Somehow I have been in Bali for two months now without writing a single blogpost. Instead I’ve been out observing and absorbing my new surroundings, trying to replace my mind’s default-foreign-language of Arabic with Bahasa.

My language lessons help, and I am slowly remembering the new vocabulary. In particular, I really like the phrase jalan jalan. Jalan means street, and jalan jalan is a multipurpose word, depending on the context. My favorite definition? To wander. 

The last nine weeks I’ve been wandering down strange streets, attempting to find my place amongst the Bintangs and villas and rice fields. 

Settling into Bali is an entirely different experience than Cairo. Besides the obvious differences – tropical island, drastically lower population, traditions and religion – I am finding smaller, more nuanced changes. Like differences in my mental math (that costs ONE MILLION RUPIAHS?!), the variety of fruits and veggies (dragon fruit and edamame, yum yum), and my life’s new soundscape (cocking crows in place of calls to prayer).

I am the biggest change, though.

My naivety has lessened, and I know that arriving in a place does not actually mean I have arrived at all. There are still so many steps to take after the first one that brings me off of the plane. 

And my comparisons have increased. I am no old hat at teaching abroad, but because this isn’t my first international job, I hear myself saying, “When I was in Cairo…” far too many (annoying) times. This is a rougher transition. I still feel unsettled, in both the place and in my job.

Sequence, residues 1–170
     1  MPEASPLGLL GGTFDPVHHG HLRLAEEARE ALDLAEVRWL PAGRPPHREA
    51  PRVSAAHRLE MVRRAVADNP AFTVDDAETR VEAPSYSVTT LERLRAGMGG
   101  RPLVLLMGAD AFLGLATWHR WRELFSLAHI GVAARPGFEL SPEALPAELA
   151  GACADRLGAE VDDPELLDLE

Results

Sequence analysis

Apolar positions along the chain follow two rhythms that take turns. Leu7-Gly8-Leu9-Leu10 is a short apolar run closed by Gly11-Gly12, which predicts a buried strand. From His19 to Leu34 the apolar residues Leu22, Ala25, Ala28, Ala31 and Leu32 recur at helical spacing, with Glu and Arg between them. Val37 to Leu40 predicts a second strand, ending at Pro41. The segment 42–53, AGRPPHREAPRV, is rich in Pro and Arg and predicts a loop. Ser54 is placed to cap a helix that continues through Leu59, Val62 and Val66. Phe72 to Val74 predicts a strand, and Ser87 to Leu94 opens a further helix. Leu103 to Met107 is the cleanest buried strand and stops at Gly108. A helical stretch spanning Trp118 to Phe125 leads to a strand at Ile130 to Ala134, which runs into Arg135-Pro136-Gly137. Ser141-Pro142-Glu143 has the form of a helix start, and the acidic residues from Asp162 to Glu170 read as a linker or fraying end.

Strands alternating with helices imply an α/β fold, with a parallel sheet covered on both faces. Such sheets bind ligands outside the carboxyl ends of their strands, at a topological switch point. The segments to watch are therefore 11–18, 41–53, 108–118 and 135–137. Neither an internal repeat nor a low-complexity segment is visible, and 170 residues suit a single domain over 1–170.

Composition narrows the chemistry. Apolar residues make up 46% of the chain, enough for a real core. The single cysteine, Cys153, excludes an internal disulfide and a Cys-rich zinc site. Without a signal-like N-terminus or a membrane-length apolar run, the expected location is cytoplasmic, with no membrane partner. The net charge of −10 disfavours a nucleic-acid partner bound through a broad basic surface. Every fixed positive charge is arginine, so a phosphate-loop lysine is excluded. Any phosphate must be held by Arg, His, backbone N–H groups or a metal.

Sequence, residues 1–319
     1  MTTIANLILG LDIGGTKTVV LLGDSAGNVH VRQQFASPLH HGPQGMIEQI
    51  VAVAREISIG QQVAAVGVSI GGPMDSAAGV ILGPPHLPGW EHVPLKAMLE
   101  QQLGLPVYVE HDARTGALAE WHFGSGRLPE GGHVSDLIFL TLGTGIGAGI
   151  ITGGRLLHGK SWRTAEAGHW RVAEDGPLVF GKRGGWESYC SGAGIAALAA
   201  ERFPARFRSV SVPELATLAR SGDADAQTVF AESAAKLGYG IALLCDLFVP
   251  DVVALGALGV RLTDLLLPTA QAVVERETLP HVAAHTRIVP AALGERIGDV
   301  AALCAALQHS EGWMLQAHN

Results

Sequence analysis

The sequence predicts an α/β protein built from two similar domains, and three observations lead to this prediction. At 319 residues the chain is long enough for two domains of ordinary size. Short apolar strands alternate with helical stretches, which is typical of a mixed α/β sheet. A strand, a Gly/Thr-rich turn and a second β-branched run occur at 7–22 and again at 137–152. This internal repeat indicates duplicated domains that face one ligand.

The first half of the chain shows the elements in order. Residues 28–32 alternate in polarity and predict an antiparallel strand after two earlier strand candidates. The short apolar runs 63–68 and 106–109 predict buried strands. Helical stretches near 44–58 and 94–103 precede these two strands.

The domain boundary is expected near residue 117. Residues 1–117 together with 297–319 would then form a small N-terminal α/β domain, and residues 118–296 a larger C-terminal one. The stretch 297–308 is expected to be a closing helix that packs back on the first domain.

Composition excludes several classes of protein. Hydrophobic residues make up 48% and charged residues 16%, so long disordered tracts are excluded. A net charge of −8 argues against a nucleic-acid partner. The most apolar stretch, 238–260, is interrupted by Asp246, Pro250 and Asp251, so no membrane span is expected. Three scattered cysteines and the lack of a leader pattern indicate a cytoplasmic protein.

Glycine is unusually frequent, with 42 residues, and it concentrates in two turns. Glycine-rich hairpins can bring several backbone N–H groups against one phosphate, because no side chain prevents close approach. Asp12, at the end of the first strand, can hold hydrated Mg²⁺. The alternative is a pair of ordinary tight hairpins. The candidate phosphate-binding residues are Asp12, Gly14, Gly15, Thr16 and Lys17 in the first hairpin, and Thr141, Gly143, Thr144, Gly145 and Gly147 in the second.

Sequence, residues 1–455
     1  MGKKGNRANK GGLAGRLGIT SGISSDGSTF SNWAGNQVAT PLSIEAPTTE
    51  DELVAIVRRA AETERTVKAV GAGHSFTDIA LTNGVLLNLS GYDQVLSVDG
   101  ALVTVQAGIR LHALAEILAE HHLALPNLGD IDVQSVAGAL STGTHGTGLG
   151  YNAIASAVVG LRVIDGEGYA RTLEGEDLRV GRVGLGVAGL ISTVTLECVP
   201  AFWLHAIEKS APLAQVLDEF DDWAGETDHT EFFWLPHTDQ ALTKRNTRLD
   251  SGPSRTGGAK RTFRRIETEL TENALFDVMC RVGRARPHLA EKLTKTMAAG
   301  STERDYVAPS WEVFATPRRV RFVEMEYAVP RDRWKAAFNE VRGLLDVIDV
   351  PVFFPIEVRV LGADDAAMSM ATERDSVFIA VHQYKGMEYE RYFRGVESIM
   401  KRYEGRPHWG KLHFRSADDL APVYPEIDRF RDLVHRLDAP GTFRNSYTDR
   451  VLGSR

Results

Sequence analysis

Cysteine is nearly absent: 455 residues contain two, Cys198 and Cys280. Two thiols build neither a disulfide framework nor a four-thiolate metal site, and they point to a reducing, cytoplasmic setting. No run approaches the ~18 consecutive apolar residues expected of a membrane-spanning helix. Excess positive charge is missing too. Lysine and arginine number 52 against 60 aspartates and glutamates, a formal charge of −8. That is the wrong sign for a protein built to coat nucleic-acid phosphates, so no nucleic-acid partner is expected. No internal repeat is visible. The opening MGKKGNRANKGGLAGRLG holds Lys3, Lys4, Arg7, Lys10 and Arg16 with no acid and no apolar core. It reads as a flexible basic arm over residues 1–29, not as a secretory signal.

Plus, I find myself longing for Cairo. And we all know how impossible it is to embrace something new when you are grasping for what you left behind.

This is not to say I am having a poor experience. On the contrary, I am literally living in paradise. Many Sunday nights, I eat fish barbecue while watching the sunset over the ocean, and then walk down the beach to dance in the sand to live reggae music. I am forging friendships with beautiful souls, and I have nothing but love for the kiddos who fill my classroom and my heart. I explore new corners of this island on a regular basis, across land and under the sea. It’s been a wild adventure.

My soul is still wandering these new streets, working through the growing pains of a new situation, searching for the words to articulate it all. Until I find them, I’ll share pictures: 

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Rice fields

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Tanah Lot Temple

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Sunday night sunset

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An evening’s walk on the beach 

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Nyang Nyang Beach, off the beaten path

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Explorers

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Contemplative monkey

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Uluwatu Temple

 

 

 

 

 

 

 

 

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Paradise